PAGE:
II hU mm TTW (MUJMWlE IN TODAY'S ISSUE IT AN AMERICAN PAPER FOR AMERICANS THE WORLD'S GREATEST NEWSPAPER Founded Juna 10, 1847 IF 30 PAG SPORTS DM AIL VOLUME CX NO. 126 KZG. TJ. S. PAT. OTTICX COPYRIGHT 1851 BY THZ CHICAGO TRXBUNU SATURDAY, 3IAY 26, 1951 THIS PATER CONSISTS OF TERES SECTIONS SECTION OKS F FOUR CENTS PAY NO MORE 1 riu MB o)fpfc CHICAGO VIS '52 CONVENTION OF DEMOCRATS Philadelphia's Bid Fails, 83-16 Mrs. Miller IKE WILLIAMS YIELDS BOXING TITLE; SOX WIN THE INSEPARABLE TRIO When Yon Think of One. Think of All Three J Jimmy Carter of New York won the lightweight boxing championship of the world last night when he stopped Ike Williams in the 14th round. The White Sox extended their victory streak to eight last night when they defeated the Indians, 6 to 4, in Cleveland before 20,412. IDetaila in Sports Section BY THOMAS MORROW f Chicaio Tribanc rroa Service Denver, May 25 The Democratic rational committee today voted unanimously to hold the party's national convention in Chicago Stadium on July 21, 1952. As the Republicans have decided to meet in the Stadium on July 7, 1952, the Democratic action assured the next President will be nominated In Chicago. The roll call vote was 83 to 16. After the roll call was finished, David Lawrence, Pennsylvania national committeeman, moved to make the vote unanimous and the committee concurred. The national committee, with only 43 members present, Jhe solid south sparsely represented, and the other 56 votes by proxy followed the unanimous recommendation of the convention site committee. This body ruled that Chicago must furnish a written guarantee that $250,000 has been pledged for the Democrats. Must Pay by March 1 The committee also stipulated that Chicago must pay half the money by Dec. 1, 1951, and the balance by March 1, 1952. Chicago must also furnish free rooms for committee meetings, for the pre-convention staffs, and bear the cost of cleaning the Stadium when the convention is finished. The Chicago Tribune became an issue in the fight for the con-ention during an impassioned plea for Philadelphia by Mrs. Emma Guffey Miller, national committeewoman from Pennsylvania. She had pointed out that Philadelphia offered a certified check for $250,000, while Chicago had only promises. " Do you want to meet in the shadow of Tribune Tower," she asked, "and get the full impact of that rancid publicity from Col. Bertie McCormick? Or do you w ant to meet in the shadow of Independence hall, where the Constitution was written?" Arvey Speaks for Chicago Jacob M. Arvey, national committeeman from Illinois, countered for Chicago. "For those who worry about Col. McCormick," he said, "we live with him all the time. Don't you worry about Col. McCormick. He'll be wherever you go. You can't escape CoL McCormick." Chicago has more conventions, more trains, more planes than any other city suggested, and 8.000 first class hotel rooms, Arvey said. He, Mrs. Elizabeth A. Conkey, na.-t i o n a 1 committeewoman, and Chester A. Wilkins, Chicago convention bureau manager, urged Chicago's case on the delegates. They said that in case of military emergency Chicago might w ell be the only place the convention could be held. Chicago has never defaulted on an obligation, said Arvey, and he added that Democrats can be certain hotel and food rates will not be raised because they have not been raised in 30 years on any convention visitors. Campaign Theme Foreshadowed The meeting forecast a Democratic 1952 campaign waged on the theme that President Truman is right and Gen. MacArthur wrong in the foreign policy de bate. Speaker after speaker told of what they termed Mr. Truman's sagacity in his fight to save the free world. National Chairman William M. Boyle Jr. wound up the meeting with a speech in which he said that the Denver meeting opened the 1952 campaign. NEWS SUMMARY OF THE TKIIUNE (Asa Historical trasBaaa) Saturday, May 26. 1951 WASHINGTON Collins backs down on charges against Gen. MacArthur. Page 1 Memphis boy, 13, becomes nation's champion speller. Page 1 Report U. S. tests atomic trigger for hydrogen bomb. Page 5 Pentagon concealment of Korea toll shocks G. O. P. Page 7 AMERICAN Chicago selected for 1952 Democratic convention. Page 1 Empire State building sold for 50 million dollars. Pge 1 Deposed Panama Chief Arias barred from public office. Page 12 LOCAL. Gen. Klein defies eag order of state guard commander. Page 1 Draft tests today lor 7,uuu in Chicago area. Page 4 Rule ex-wives, tho rewed. can collect in full. Page 5 Deaths and obituaries. Pt. S, p. 7 FOREIGN Report troops mass in Russia opposite Iran. Page 1 Chinesefight for escape route as 8th army rolls on. Page 2 Rescue 19 Americans, war prisoners six months. Page S Ex-slaves tell horrors of Red camp. Tage 9 SPORTS Pirates rout Cubs, 10 to 1; Dickson beats Hiller. Pt. S, p. 1 Illinois wins Big Ten track title; Spartans 2d. Pt. S, p. 1 Ohio State and Coulter win Big Ten golf crowns. Pt. 3, p. 4 COMMERCE AND FINANCE Wilson clashes with stockmen over cattle prices. Pt. 3, p. 5 Railroad trainmen granted wage boosts up to 33 cents. Pt. 3, p. 5 FEATURES Crossword puzzle Page 2 Day by Day on the i arm . rage 1 1 Inquiring Camera Girl. .. .Page 12 Tower Ticker rage is Today with Women Part 2 CARTOONS Aggie Mack, Pt. 2, p. 2: Brenda Starr. 8: Bronc' Saddler. 13; Caesar, 12; Dawn O'Day, 13; Dennis the Menace. Pt. 2. r. 3: Dick Tracy, 13; Ferd'nand, 9; Gasoline Alley, 8; Gigs and Gags, Pt. 3, p. 4; Harold Teen, 12; King Aroo, 13; Laughing Matter. 10; Moon mui-lins. Ft. 3. d. 1: Mostly Malarkey. 9; Nuts and Jolts, 8; Orphan Annie. 13; Peanuts, Pt. i. p. i Smilm Jack. Pt 3. D. 4: Smitty. 14; Terry, 13: The Dailys. 14; The Neighbors. 10; Hmmy, 13; Winnie Winkle, 14. EDITORIALS The Tax Bill Ordered by the CIO: The Mob's Man Adduci: Get tBack on the Main Line: To Im prove Tax Collections. Page 10 (Want ad Pt. 2, pp. 5 to 14) THE WEATHER SATVmDAT. MAT IS. 1951 CHICAGO AND VICINITY: Most ly cloudy; showers; a little cooler; high, 74; low tonight, 50; southwest winds 15 m. p. h. Tomorrow, partly cloudy; cool; high. 68. ILLINOIS: Batfcef elaadyf scattered wen: wiadjr: eaaler aorta. Ta- aaarraw, partly cleadj; eaaler aaata. TEMrEB ATV BES IN CHICAGO 7 a. ai... .SB S a. at... .47 a. a-.. . 10 a. m... .68 11 .-... 65 MMaicM... 1 a. .... 4 2a. at.. ..S3 3 a. m ...59 4 a. ai... .34 5 a. a..t55 6 m at... .S3 7 a. at... .SO S ft. as... .44 m... .70 10a. m... .74 11 a. a... .79 tHKa, tl. Km 7S 12:20. .180-S 1 a- m-' ' 2 a. a....7 S a. B....7S 4 a. at. ...73 5 a. at... .76 a. at... .74 THE MOON NrvWtaaa hnt CWUr FJ Ul CVartar Kl D B atrt V Jim 4 Jaw 12 Jaaa I L s (mrt. B:14. MHia. 1:29 a.aa. tsaMrraw. Marosaf stars: JaaMer aa4 Mcrrarr. Ercalac stare weaaa aaa aaaa Far 24 aaars eaacd 7:20 a. am. May 25 Meaa trweratare, aecrea; an Mai. 61s - nrML 133: rear's mis, 232. Fnriatiatlaau trace: aawthl ensaak 1-43 tack; year's earns, 4.21 laches. Bt.w. i4 If t 22 m. a k. aVIatire haarieWr. 7:30 a. au. 2 Bar at; 1:30 a. ai-. t:w a- av. . Vsraatetar. 7:30 a. av. 29.70," 7:0 a. : 29.S7. Mat aarf atkeT reaarts aa saga II 1 : J fa. DctK, Taxes 1? 7. Memphis Boy Wins Title of No. 1 Speller (Picture en back page) Washington, May 25 (P) Irving Belz, a cocky, 13 year old from Memphis, Term., calmly spelled " insouciant " today to be come the champion of the 24th annual national spelling bee. Appropriately, insouciant means "without anxiety, carefree." Irving got his big chance when the runner-up, Michael Aratingi, 13, of Brooklyn, tried to put a " p." at the start of cuisine, meaning " kitchen, or a style of cooking." Irving, resplendent in plaid shirt, blue shoes, pink shoe laces, and chartreuse socks, spelled cuisine correctly, and insouciant, too, as the rules demand, to become the champion. Every Word a Toughie In all, he spelled 27 words every one a toughie to win the first prize of $500 and a trip to New York City. Aratingi pocketed $300 for the 24 words he spelled correctly. Mary Anne Bechkowiak, 13, of Akron, O., won the third place money $100 for the 23 words she knew. She missed on "gros-grain " leaving out the " s " and adding an e." Grosgrain means " heavy, corded silk or rayon ribbon or cloth." Chicagoan Spelled Out Chicago's Betty L o v e r d e tripped up in the second round on "panoply" and Mary McLaughlin of Chicago went out in the 16th round on "littoraL" More than. 4,000,000 youngsters began competing earlier this year in the contest, sponsored by newspapers. Fusillade, concomitant, appellate, consummate, commissary, halcyon, correlate, dilemma, leprechaun, crescendo, duress, dissonance, svelte, horrendous, trauma, acerbate, corroborate, and codicil. Marjorie Trips Up Oddly, some -of the youngsters spelled the unpronounceable words and then missed a word that appeared comparatively easy. Best example of this: Cute little Mar jo rie Foliart of Crafton, Pa smallest of the contestants. In the warmups, she spelled " a-i-r-o-g-a-m-s-a-t-n-a-h-p," which, as anyone can plainly see, is nothing but phantasmagoria spelled backwards. But in the contest she stumbled over a word much simpler. .She failed to spell " fauna " front ward, . U. OF MIAMI STUDENT KILLED, RESULT OF INITIATION PRANK Miami, May 25 Special A University of Miami student was killed and another was critically injured early today as the result of a fraternity initiation. Thomas Edmund Kleppner, 19, of Washington, Pa., was killed and Fred Evans Jr., 18, of St. Louis, Mo., was injured when they were run over by an automobile on a lonely road 28 miles south of Miami. As part of their pre-initiation hazing for Lambda Chi Alpha, a social fraternity, they w-ere taken blindfolded to the lonely road, let out, and teld to make their way back to Miami. Deputy Sherif E. E. Sistrunk said- they apparently called friends to come and get them, sat at the roadside, fell asleep, and were run over while sleeping. A fish truck was known to have run over them, and the driver summoned an ambulance. However, Sistrunk said another car may have hit them earlier. 2 BOYS ATTEMPT TO DERAIL TRAIN AND ARE JAILED Two 12 year old Chicago boys attempted to derail an Aurora bound train of the Chicago, Aurora and Elgin railroad between Firecracker and Church rds., about three miles east of Aurora, yesterday. They .are in the Kane county jail in Geneva. No one on the train was injured altho the cowcatcher and part of the electrical equipment were damaged. The boys are Gerald Novickis, 4524 S. Marshfield av, and Richard Vojtech, 4S00 S. Ada st. They piled railroad ties and rocks on the tracks. The motor-man saw the obstruction but could not stop the train before striking it, The boys were apprehended by Du Page county deputies three miles from the scene. -They told deputies they had skipped school, taken a ride to Aurora, and planned to walk half way back to save money. L. L. Huntoon, assistant general manager of the railroad, said a decision will be made today as to what charges will be pressed against the pair. Tatal taara-a Hut fmH Cdmlmtin APRIL 1951 920.000 THE CHICAGO TRISUMX Empire State Building Sold for 50 Million New York, May 25 Special The Empire State building, tallest in the world and for two decades a symbol of the wealth and power of New York City, has been sold to a syndicate of Detroit millionaires. The purchasers are Roger L. Stevens, Alfred R. Glancy Jr., and Ben Tobin. The sale price was reported to be 50 million dollars. Stevens, who has a home at Ann Arbor, Mich, is well known on Broadway as a show " angel." Glancy's home is in Grosse Point, fashionable Detroit suburb. Tobin, long active in Detroit realty circles, owns the Hollywood Beach hotel at Hollywood Beach, Fla. Interest in Chicago Building The new owners operate the Glastet corporation, a real estate holding company which has an interest in the State - Madison building in Chicago. The Boston store, until . its dissolution, was housed in the State-Madison building. The Empire State building cost 54 million dollars to construct in the low cost days of 193L - Considered a "white elephant" during the depression era with virtually no tenants above the 60th floor -for years the Empire State has reaped a profit ever since the early part of World War LL Today its 2 million square feet of office space is 100 per cent rented, with a long waiting list of would-be tenants. It is believed now to be the most profitable office building in the world. Report Widow Wanted Cash A company headed by the late John J. Raskob, former du Pont and General Motors executive, and his friend, the late Gov. Alfred E. Smith, erected the famous structure. Raskob held the title of vice president while Smith was president, But Smith's holdings were comparatively small, while Raskob possessed a large block of stock. Since Raskob's death last October, there have been hints that his widow and 10 children wished to convert their interest into cash. Another of the financier's legatees was the Raskob Foundation for Catholic Activities, founded to aid enterprises of the Catholic church. The building measures L250 feet from the street to the top of the mooring mast, This measurement does not include two stories below ground, which give the building an actual total of 104 stories. A television tower, under construction, will add 199 feet to its height ,1'ARTHUR NOT DISOBEDIENT, PROBERS TOLD Senator Pins Down Chief of Staff BY WALTER TROHAN Chicars Tribnne Press Serrice Washington, May 25 Gen. J. Lawton Collins today backed down on testimony that Gen. MacArthur violated military orders by sending United States troops to the Yalu river. Under cross-examination by Sen. Know-land R., Cal. the army chief of staff was forced to acknowledge MacArthur had not been disobedient or insubordinate. Collins' accusation that Mac-Arthur violated military orders was made shortly after the chief of staff began testifying as the fourth witness in the senatorial investigation into the firing of the Pacific commander. Collins More Hostile In his testimony Collins was more critical and hostile concerning MacArthur than were the two administration witnesses who preceded him. Defense Secretary Marshall and Gen. Omar Bradley, chairmen of the joint chiefs of staff. Collins accused MacArthur of "specific violation of military orders " in sending United States troops to the Yalu river last November. He made the charge as he released for the first time the terms of President Truman's proposed peace proclamation to the Chinese Reds, which MacArthur has been accused of sabotaging by his offer of March 24 to meet the Chinese communist commander to negotiate in the field. Collins said that when MacArthur was challenged for sending American troops to the Yalu, MacArthur replied he did it because of military necessity. The Yalu is a river which is the border between North Korea and Manchuria. Let Action Stand Collins said the action was not countermanded by the joint chiefs because it already had been taken. Collins labeled MacArthur's action "a specific example" of violation of orders on MacArthur's part. Knowland challenged Collins' contention that MacArthur had disobeyed orders, insisting Mac-Arthur had not been prohibited from having American troops at the Yalu. The senator said it had been merely "hoped" that a majority of the troops at the river would be South Koreans. Knowland emphasized that both Marshall and Bradley had testified that MacArthur had not violated a single military directive. The Calif orni an read from an official paper showing that on Nov. 24 the joint chiefs had advised MacArthur of growing concern that 'a general conflict might result from the advance of American and supporting forces to the border be- Continued en page 8, column 1 The Tribune's New Offer! The Most Wanted ELECTRIC COOKING Sensation in America as a - GIFT!. SEE PAGE 5, PART 2 Hear Troops Mass in Russia Opposite Iran LONDON. May 26 Saturday Reuters The Daily Telegraph today reported that a military force of unknown size is concentrating in Russian Azerbaijan, just over ,the northwest Iranian frontier, according to military intelligence in Tehran. The report reflected the tension which has arisen over Iran's nationalization of Britain's An glo-Iranian oil company. The paper's special correspondent in Tehran said: "It is assumed that if British military ac tion is taken in the Persian gulf oil fields this satellite force will be available for counter-occupational action in north Iran." This force was not identified as of Russian origin. It contained Kurdish and Azerbaijan ele ments, the message added. Rebel Kurds and Azerbaijan separatists, under Russian influ ence, planned action against northern Iran as long ago as 1947. Iran's Azerbaijan is a semi-aU' tonomous area adjoining Russian Azerbaijan. Chutists Slated for Cyprus LONDON, May 25 (P) Britain announced today she is sending her 16th parachute brigade, about 4,000 men, to the Mediterranean isle of Cyprus within easy strik ing distance of Iran where the British face a major oil crisis. The troops will sail in 10 days aboard two aircraft carriers, the Warrior and the Triumph, and the troopship Devonshire. Officials said future movements of the trouble shooting formation will rest with Gen. Brian Robert son, commander in chief of British forces in the middle east. Defense ministry announcement said the brigade will be going " as a reinforcement to the garrison" in the Mediterranean. Alerting of the paratroops for overseas duty touched off world wide speculation that the brigade was destined for Iran and that such an act might bring the Rus sians into the dispute and set the stage for World War III. Iran Will fight TEHRAN, Iran, -May 25 (JP) In an emotion packed news confer ence punctuated by spells of weeping. Premier Mohammed Mossadegh said today Iran will " fight to the end" for oil nationalization. He warned that any attempt by Britain or any other country to block his government's move to take over Iran's vast oil resources including those held by the British owned Anglo-Iranian oil com pany will soon bring the entire free world to the brink of dis aster." The aged, wealthy Mossadegh broke down in tears when ne told reporters of the plight of Iran's 15,000,000 hungry and ill clad peo ple, living amidst a treasure of oil. Two aids supported him by the arms as he sobbingly finished his statement. Iran is expected soon to reject the latest British note protesting the seizure of Anglo-Iranian oil holdings and proposing to send a top-level diplomatic mission to negotiate a settlement. Russians to Resist BERLIN, May 25 (P) The Russians have advised their East Ger man communist supporters they will "resist" injection of foreign troops into the Iranian oil crisis, authoritative sources said today. Gregory Pushkin, soviet ambassador to the East German government, was said to have conveyed this thought to the German Communists at a top secret meeting in East Berlin this week. The soviet-Iranian . treaty of February, 1921, authorizes Russia to send military forces into Iran if she considers her security menaced. MacArthur Dons Evening Clothes, Sees Stage Hit New York, May 25 VP) Gen. MacArthur donned evening clothes for the first time in years tonight to see " South Pacific," the Broadway musical hit. He and his wife were applauded as they took their third row seats at the Majestic theater. KLEIN REFUSES TO ACCEPT GAG OR QUIT GUARD Defies Bolen Order inM'ArthurCase i f- asBaaaaaar-1 Ktria Tribune. 'If Brig. Gen. Julius Klein of the Illinois National Guard yesterday defied the order of Mat Gen. Harry L. Bolen, state guard com-m a n d e r, that Klein stay out of controversial politics or get out of the guard. I I ; i won't shut 1 Ijht I up and I won't get out, uen. Klein told Ths necessary. Gov. Stevenson, as commander in chief of the Illinois . National Guard, should require Gen. Bolen to withdraw his gag attempt. As long as it stands, I'll keep' on defying it" Gov. Stevenson said late yesterday he had not yet received any word from those involved in the controversy and therefore did not care to say anything about it. . The dispu was disclosed In Springfield Thursday, when it was revealed that Oen. Bolen had taken Gen. Klein to task in a letter dated May 7 for matters arising out of the MacArthur day celebration in Chicago on April 26. Criticism Called Insubordination Bolen's letter accused Klein of "gross Insubordination" In criticizing Maj. Gen. George F. Ferry, commanding general of Chicago's own 33d Infantry division, for canceling from the MacArthur day program in Soldiers' field a 17 gun salute which Gen. Klein's 109th anti-aircraft artillery brigade was to have fired in MacArthur's honor. The salute was fired in stead by the 33d division artillery unit. It also charged that Klein had seemingly exploited his support of Gen. MacArthur " for self-seeking purposes in a manner unbecoming an officer in my command ... in a manner which brings discredit upon your local superior officer." ' Bolen's letter said 5th army officers had denied requesting that Klein's brigade fire the salute, and that therefore Klein's statement in this respect "appears to be untrue." Free Speech Involved Klein brushed off the quarrel over who should have fired the salute as secondary to the ques tion of free speech involved in closing paragrafs of the Bolen letter: Finally, the further self-serv ing statements in the press in connection with your extrication of Gen. MacArthur from involvements with high government officials, which you are said to have divulged to the press, can have no possible effect other than to Inject you Into a highly controversial matter which I, as commanding general, Illinois National Guard, feel as highly improper and un becoming a member of the Illinois National Guard. " This leads me to the inescapa ble conclusion that you should choose between further indulgence on political controversies or membership in the Illinois National Guard. To my mind, the two are completely incompatible. Bolen's Power Challenged "In order to insure cooperation and unity within the Illinois Na tional Guard, it .is desired that you inform me of your decision without delay." Gen. Klein said he had replied to Bolen's letter as soon as pos sible, on May 19, answering the charges in detail and challenging Bolen's right to impose the gag "ultimatum." Klein said he is still awaiting a reply to that May 19 letter. Gen. Bolen told The Tribune by telephone from Cairo yesterday. that ha bad as yet received no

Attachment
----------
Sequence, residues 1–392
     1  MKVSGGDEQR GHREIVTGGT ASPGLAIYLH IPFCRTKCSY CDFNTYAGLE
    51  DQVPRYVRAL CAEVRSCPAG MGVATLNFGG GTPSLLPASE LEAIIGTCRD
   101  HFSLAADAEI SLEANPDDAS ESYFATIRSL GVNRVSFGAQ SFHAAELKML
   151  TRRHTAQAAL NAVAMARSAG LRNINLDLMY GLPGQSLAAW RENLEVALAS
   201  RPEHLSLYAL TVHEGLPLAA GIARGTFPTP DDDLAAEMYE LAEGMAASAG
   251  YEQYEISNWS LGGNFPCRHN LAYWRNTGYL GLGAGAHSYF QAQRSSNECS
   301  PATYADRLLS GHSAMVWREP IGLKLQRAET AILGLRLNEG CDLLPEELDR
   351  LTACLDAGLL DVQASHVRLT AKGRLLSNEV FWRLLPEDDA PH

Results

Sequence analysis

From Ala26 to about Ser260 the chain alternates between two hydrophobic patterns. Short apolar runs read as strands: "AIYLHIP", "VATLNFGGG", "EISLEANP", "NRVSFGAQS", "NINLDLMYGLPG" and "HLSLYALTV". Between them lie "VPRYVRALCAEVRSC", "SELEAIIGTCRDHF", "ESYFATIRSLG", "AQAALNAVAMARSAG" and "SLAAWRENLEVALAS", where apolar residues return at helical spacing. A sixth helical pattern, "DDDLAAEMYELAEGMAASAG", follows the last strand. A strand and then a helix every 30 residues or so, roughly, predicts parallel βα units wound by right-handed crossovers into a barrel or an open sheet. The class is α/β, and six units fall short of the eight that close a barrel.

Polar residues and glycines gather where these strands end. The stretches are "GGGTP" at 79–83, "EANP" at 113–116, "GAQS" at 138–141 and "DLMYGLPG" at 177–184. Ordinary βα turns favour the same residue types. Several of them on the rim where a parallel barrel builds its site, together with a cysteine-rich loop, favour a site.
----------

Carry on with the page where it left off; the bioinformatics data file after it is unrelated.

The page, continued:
What members have found on this page

Get access to

  • The largest online newspaper archive
  • 18,500+ newspapers from the 1700s–2000s
  • Millions of additional pages added every month

Publisher Extra Newspapers

  • Exclusive licensed content from premium publishers like the Chicago Tribune
  • Archives through last month
  • Continually updated

Try it free